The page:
Netflix shares on track for worst day in five months

Netflix shares on track for worst day in five months

Netflix shares on track for worst day in five months

While its subscriber growth slowed in Q1 2017, Netflix ended the period with a total of 98.7 million streaming memberships, consisting of 50.8 million in the USA and 47.9 million internationally.

Netflix (NFLX) is on the verge of surpassing 100 million global subscribers, a testament to how much the video streaming service has changed the entertainment landscape since its debut a decade ago. It's hard to imagine that letting "consumer choose" would result in anything but an overwhelming majority of moviegoers opting to simply watch new release films on the service they're already paying (a much more reasonable fee) for. In that time, Netflix has added 72 million more subscribers.

The Los Gatos, California firm presently has a market value of around $63 billion. Its stock rose $1.90 to $149.15 in Monday's extended trading, even though subscriber growth during the first quarter came in slightly below management forecasts. Other cable channels also are contributing internet-only benefits as more viewers, particularly younger people, avoid traditional TV bundles and subscribe to streaming services preferably.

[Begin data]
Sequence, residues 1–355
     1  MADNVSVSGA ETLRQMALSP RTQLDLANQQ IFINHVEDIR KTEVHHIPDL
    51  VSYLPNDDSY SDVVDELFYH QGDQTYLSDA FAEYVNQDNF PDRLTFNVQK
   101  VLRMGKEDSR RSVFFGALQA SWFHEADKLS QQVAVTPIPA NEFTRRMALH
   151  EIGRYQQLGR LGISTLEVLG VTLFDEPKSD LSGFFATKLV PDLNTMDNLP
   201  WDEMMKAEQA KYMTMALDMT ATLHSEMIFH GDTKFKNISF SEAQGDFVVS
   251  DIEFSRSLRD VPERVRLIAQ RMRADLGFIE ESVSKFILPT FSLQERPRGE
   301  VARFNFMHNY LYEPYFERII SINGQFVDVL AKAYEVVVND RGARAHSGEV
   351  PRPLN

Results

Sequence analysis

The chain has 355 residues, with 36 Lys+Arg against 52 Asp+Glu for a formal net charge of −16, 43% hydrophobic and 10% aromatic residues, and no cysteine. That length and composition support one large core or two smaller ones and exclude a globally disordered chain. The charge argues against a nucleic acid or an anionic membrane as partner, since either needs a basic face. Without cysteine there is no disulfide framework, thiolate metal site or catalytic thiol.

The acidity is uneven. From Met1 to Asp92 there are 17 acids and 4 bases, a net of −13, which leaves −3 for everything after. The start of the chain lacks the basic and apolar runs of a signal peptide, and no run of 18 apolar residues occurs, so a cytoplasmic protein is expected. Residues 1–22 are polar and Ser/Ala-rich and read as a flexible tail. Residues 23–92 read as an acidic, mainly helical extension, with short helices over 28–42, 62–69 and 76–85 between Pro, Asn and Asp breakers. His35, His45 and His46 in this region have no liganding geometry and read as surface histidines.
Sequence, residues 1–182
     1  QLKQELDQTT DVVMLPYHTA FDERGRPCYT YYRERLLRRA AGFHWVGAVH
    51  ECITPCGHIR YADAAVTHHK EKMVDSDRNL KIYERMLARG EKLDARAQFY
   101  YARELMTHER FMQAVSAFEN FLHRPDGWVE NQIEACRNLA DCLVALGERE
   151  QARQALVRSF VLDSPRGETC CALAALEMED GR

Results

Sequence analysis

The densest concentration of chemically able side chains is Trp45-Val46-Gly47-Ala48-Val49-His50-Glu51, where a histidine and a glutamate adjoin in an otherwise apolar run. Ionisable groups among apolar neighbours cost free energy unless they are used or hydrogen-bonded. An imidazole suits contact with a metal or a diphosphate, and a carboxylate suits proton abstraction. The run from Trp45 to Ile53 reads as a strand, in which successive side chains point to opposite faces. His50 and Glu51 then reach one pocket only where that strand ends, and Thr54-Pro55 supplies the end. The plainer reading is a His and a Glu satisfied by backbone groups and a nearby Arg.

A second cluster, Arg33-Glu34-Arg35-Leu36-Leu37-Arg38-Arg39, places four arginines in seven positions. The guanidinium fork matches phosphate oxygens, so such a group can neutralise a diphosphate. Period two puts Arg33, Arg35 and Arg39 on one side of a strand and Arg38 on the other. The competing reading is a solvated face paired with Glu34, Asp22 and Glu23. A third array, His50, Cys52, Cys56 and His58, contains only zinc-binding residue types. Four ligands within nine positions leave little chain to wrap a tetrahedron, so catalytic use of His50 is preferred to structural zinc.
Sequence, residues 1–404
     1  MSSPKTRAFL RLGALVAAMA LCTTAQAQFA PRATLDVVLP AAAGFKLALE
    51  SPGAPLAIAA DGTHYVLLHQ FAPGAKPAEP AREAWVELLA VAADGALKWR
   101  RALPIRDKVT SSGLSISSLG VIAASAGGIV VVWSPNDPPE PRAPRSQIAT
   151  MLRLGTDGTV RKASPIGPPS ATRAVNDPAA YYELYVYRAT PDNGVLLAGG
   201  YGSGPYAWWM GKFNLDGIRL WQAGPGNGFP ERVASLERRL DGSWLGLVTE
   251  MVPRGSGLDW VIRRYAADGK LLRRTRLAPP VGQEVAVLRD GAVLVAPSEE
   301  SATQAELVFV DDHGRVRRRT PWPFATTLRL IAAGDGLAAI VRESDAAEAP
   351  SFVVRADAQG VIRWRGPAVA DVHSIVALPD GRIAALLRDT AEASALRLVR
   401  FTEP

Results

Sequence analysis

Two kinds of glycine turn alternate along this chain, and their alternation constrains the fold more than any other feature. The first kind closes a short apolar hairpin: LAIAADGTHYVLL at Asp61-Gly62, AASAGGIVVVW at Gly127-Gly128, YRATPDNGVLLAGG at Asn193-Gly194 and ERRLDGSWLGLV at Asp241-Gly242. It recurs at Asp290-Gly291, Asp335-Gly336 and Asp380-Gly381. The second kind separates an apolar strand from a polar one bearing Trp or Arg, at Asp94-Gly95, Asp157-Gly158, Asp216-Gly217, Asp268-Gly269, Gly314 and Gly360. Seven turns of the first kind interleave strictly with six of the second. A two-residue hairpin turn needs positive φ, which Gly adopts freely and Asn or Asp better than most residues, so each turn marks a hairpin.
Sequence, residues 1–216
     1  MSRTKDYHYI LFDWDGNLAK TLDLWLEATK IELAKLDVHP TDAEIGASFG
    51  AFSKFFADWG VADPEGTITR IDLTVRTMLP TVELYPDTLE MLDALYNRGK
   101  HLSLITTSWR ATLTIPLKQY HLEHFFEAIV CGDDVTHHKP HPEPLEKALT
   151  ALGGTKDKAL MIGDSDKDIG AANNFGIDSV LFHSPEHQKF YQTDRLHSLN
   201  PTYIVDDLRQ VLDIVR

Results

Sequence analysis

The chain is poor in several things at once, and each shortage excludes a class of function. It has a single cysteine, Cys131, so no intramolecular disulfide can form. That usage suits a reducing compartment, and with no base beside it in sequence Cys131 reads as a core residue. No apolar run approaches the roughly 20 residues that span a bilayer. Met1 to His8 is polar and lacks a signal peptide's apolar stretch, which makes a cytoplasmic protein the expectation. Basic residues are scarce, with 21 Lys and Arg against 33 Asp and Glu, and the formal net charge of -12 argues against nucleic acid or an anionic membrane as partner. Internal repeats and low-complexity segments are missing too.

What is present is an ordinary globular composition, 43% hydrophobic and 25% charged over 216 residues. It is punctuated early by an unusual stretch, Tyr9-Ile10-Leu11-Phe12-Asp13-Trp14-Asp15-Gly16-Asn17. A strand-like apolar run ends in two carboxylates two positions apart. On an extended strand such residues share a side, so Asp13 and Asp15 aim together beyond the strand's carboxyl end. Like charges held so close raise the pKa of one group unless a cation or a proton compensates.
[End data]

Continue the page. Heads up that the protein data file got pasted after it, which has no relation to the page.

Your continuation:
Netflix's investment in original programming has inspired competing technology companies and TV networks up their spending, creating more competition for attention and eyeballs.

"From this perspective, the platform will have already reached ~40% of their 2Q guide (+3.2M subs), with growth likely somewhat front end loaded due to the early success of "13 Reasons Why"," wrote Janedis, adding that Netflix's content slate looks strong in the back half of the second quarter, with the return of "House of Cards", "Orange is the New Black" and "Master of None".

The model works from a customer viewpoint because it is such a great value, Pachter said.

Since the Google-owned YouTube has a viewership of a billion hours every day. Netflix said it will spend $1 billion marketing in 2017 to bring more attention to its shows. Netflix had previously frozen prices for millions of subscribers at 2014 levels.

Netflix CEO Reed Hastings anticipates the next 100 million subscribers to expand more swiftly than the first 100 million, but he didn't give a particuar schedule during an online video review of the organization's first quarter.

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